Nanase-san’s Crazy Love Obsession Is a Warped and Silly Comedy


Nanase-san’s Crazy Love Obsession Is a Warped and Silly Comedy

Takahashi is a 25-year-old workaholic who’s never had a girlfriend. And he’s not even a workaholic because he enjoys his work — he’s stuck doing it to pay the bills and help his parents, and he’s miserable. His coworkers sign up him on a dating app against his will. Looking at the girls on the app, he bemoans how he wants to die, and then realizes that he accidentally messaged one of the girls, saying this. He insists he doesn’t really want to die. The girl, Nanase, asks him if he’s okay and says she wants to see him the next day.

He agrees, though he’s nervous. Nanase is a cute college student three years younger than him, and he thinks she’s like a beauty queen. He also thinks she’s too good for him, so he’s surprised when she wants to see him again after their first date.

At first she seems too good to be true. Then Nanase goes from just being nice to being something of a stalker, knowing where he lives, inviting him over to her place so he can see all the photos of him she keeps on the ceiling. Oh, and then he ends up moving in with her, and things reach a new level of obsession. While in real life these things would be concerning, this manga is a comedy, not anything suspenseful. It’s the ridiculousness of the situation — Takahashi finally seems to have his girl dream, who says and does all the right things, but then she also says and does all the wrong things, and she’s completely obsessed with him. Will they eventually be able to work it out, or will Nanase drive Takahashi over the edge? Either way, there’s bound to be plenty of comedic misunderstandings in the meantime.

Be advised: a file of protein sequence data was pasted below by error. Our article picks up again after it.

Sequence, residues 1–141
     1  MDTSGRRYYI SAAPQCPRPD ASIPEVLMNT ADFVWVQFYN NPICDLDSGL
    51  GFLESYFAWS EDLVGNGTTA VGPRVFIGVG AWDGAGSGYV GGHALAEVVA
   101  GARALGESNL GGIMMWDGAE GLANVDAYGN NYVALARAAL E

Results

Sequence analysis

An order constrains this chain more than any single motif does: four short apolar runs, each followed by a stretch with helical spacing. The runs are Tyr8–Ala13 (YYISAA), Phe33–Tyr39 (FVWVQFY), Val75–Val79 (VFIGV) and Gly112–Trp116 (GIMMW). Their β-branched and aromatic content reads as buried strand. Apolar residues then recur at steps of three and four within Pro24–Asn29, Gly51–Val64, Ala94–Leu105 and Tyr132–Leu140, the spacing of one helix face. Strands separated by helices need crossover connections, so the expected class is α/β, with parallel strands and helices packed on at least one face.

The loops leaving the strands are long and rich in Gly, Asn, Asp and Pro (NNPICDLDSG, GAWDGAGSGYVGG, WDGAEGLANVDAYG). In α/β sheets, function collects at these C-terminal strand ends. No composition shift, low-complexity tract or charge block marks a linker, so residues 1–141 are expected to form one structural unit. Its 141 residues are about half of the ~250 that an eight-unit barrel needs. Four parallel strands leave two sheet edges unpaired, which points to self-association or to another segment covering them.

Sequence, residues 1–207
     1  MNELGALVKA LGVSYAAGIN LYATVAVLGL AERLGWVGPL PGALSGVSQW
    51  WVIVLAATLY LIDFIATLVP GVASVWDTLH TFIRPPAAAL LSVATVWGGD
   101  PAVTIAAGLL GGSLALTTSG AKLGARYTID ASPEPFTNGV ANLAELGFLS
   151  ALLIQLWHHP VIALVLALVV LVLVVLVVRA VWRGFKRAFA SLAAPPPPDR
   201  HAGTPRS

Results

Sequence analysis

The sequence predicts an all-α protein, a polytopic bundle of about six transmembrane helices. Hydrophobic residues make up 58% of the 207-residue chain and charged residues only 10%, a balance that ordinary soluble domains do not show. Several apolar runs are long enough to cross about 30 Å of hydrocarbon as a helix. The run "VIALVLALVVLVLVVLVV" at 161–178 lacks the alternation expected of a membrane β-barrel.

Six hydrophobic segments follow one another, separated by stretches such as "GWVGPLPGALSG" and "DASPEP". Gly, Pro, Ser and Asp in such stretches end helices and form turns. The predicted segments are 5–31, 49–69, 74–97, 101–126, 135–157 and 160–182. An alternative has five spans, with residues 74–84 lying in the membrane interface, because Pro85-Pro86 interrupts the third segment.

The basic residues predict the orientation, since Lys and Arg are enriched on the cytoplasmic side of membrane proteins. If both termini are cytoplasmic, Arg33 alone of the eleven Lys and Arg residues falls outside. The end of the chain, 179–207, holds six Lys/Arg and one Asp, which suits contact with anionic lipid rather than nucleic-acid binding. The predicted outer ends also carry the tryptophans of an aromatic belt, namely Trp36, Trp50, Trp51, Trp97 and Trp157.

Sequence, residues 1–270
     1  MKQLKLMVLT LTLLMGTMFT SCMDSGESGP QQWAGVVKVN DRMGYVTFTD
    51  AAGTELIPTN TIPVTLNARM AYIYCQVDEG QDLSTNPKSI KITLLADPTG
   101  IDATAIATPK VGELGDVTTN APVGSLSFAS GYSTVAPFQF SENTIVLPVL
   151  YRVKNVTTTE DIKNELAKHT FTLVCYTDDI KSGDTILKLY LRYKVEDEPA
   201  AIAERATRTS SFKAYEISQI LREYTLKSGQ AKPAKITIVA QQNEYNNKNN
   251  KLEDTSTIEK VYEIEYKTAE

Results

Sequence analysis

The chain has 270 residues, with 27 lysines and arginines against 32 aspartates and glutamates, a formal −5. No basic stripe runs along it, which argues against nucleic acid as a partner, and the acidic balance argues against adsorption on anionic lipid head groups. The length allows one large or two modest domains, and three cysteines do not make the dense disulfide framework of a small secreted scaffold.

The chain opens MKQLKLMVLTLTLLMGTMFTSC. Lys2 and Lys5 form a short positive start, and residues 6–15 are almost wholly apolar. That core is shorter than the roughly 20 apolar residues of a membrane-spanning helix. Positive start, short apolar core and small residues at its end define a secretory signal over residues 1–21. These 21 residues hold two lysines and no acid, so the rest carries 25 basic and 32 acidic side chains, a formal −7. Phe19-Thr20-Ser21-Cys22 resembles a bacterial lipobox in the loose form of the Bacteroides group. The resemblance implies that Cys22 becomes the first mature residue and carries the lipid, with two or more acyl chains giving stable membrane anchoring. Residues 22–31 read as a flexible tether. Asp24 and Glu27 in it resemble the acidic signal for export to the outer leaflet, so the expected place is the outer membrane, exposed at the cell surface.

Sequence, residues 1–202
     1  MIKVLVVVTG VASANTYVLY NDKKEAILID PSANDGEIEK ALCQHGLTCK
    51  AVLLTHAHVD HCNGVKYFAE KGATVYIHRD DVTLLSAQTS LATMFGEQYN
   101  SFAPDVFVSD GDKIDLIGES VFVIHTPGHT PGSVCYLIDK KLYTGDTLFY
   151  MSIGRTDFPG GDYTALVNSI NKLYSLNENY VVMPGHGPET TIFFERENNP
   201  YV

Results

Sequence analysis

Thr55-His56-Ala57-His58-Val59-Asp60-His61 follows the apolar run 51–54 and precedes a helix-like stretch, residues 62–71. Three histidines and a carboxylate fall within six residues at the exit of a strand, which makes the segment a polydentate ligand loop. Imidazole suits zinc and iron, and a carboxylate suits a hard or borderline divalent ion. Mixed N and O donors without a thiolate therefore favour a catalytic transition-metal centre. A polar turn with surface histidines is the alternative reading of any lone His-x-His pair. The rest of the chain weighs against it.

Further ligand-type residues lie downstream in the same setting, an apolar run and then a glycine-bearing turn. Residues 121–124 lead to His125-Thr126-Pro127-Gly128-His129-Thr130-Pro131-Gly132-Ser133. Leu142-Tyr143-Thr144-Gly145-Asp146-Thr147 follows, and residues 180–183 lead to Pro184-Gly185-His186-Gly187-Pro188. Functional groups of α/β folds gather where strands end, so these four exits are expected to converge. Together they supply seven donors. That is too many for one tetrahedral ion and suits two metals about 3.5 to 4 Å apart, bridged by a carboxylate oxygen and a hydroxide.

Takahashi is relatable in his issues of anxiety and overwork, and Nanase is . . . well, we’re still figuring that out. And while the manga does feel it’s aimed more for a male audience than a female one, seeing as how it’s all from Takahashi’s perspective, that doesn’t mean it’s not enjoyable to a general audience as well. It looks like it’s setting itself up to be a warped and silly comedy.

The English translation of Nanase-san’s Crazy Love Obsession is available digitally only on the Mangamo app, and it debuts January 5.

Story & Art: Shinonome Tomu
Publisher: Mangamo

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Danica Davidson is the author of the bestselling Manga Art for Beginners with artist Melanie Westin, and its sequel, Manga Art for Intermediates, with professional Japanese mangaka Rena Saiya. Check out her other comics and books at www.danicadavidson.com.

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